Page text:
A phosphor-free white light source, where an indium-containing light-emitting layer, as well as subsequent device layers, is deposited on a textured surface.
Typical incandescent light sources, while highly energy-inefficient, have a desirable characteristic broad-emission spectrum and a high color-rendering index. In order to mimic these latter attributes in gallium nitride (GaN) based devices, current state-of-the-art designs have certain disadvantages. The process of down-conversion is inherently inefficient due to the Stokes shift and poor conversion efficiency. The emission spectrum and intensity are highly sensitive to spatial variations in the phosphor composition and thickness, and may vary greatly with emission direction. Finally, while the diode itself may have a long lifetime, phosphors typically degrade with time, resulting in a variation of the emission spectrum with time. Current designs proposing methods to obtain "white" light without the aid of phosphors typically rely on a high-indium content layer deposited under conditions that result in poor material quality.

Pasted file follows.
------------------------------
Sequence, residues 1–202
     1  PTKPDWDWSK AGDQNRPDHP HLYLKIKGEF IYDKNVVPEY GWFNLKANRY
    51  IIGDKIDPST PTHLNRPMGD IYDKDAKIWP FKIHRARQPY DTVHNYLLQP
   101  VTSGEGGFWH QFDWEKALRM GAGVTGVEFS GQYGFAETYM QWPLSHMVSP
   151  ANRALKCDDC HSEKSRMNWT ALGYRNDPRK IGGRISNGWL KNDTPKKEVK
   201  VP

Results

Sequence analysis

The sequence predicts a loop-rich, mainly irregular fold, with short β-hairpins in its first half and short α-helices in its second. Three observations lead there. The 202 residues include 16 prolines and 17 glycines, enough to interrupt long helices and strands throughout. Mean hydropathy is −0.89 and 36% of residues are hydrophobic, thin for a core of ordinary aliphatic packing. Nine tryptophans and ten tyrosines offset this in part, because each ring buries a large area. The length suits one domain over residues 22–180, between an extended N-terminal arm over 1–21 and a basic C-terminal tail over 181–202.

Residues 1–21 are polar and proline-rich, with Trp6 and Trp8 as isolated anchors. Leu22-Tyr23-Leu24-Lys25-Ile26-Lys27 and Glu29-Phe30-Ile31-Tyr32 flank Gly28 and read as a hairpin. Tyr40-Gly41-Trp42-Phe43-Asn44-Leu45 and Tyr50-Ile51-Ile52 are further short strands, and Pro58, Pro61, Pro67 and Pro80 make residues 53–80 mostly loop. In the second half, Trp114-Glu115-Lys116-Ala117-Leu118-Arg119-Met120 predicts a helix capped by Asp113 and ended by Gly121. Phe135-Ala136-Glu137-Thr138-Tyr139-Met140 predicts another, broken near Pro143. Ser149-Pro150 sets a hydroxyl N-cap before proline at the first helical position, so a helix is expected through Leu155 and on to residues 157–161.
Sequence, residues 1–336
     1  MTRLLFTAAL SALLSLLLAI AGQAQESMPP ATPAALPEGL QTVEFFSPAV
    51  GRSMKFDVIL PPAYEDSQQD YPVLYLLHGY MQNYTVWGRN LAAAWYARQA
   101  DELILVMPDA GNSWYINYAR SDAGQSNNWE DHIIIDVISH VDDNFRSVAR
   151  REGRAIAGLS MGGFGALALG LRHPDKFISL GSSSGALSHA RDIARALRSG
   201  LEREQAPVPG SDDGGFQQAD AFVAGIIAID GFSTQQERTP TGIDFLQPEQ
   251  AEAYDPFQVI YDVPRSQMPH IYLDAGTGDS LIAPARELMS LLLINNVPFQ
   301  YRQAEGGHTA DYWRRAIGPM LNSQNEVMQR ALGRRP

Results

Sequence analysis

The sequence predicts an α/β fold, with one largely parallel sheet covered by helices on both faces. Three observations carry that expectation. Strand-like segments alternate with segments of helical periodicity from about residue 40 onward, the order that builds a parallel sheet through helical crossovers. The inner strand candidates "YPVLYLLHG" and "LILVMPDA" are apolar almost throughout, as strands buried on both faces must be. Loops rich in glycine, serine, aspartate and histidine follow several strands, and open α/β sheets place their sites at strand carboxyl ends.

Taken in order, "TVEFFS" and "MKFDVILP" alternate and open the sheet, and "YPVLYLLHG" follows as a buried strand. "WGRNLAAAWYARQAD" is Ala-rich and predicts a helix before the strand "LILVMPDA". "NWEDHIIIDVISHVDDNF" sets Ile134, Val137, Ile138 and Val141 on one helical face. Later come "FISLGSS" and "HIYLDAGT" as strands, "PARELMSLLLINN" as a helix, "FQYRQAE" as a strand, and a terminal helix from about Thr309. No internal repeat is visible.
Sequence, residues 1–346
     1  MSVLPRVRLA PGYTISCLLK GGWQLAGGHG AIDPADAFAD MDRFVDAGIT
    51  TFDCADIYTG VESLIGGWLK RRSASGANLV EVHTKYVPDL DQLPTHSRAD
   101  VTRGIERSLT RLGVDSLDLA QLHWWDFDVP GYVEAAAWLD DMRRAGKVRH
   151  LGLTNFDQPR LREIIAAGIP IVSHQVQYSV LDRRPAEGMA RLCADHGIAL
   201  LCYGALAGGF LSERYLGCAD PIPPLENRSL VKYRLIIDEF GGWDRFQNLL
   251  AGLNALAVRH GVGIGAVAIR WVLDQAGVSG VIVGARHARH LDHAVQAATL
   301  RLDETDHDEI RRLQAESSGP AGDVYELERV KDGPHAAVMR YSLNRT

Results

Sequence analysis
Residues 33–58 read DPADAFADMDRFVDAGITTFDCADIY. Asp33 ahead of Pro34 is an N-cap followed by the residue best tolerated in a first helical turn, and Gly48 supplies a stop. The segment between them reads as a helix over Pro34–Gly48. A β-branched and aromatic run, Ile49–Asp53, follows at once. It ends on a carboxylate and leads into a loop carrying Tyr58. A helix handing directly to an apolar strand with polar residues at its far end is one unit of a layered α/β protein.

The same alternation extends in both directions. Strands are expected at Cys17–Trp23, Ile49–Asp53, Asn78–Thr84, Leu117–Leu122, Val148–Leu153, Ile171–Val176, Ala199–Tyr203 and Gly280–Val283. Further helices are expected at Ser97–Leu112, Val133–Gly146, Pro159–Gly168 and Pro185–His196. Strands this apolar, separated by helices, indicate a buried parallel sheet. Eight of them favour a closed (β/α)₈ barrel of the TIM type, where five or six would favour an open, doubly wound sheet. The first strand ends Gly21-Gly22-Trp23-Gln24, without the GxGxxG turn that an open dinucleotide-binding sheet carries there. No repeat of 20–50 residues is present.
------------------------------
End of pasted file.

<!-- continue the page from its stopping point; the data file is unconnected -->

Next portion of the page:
Researchers at the University of California, Santa Barbara have developed a phosphor-free white light source, where an indium-containing light-emitting layer, as well as subsequent device layers, is deposited on a textured surface. It is possible to develop a device with suitably textured areas that would emit at two or more peak wavelengths, where both peak emission wavelengths are produced primarily from the indium-containing light-emitting layer.
This technology is available for licensing.
|United States Of America||Issued Patent||8,643,036||02/04/2014||2004-208|
|United States Of America||Issued Patent||8,227,820||07/24/2012||2004-208|
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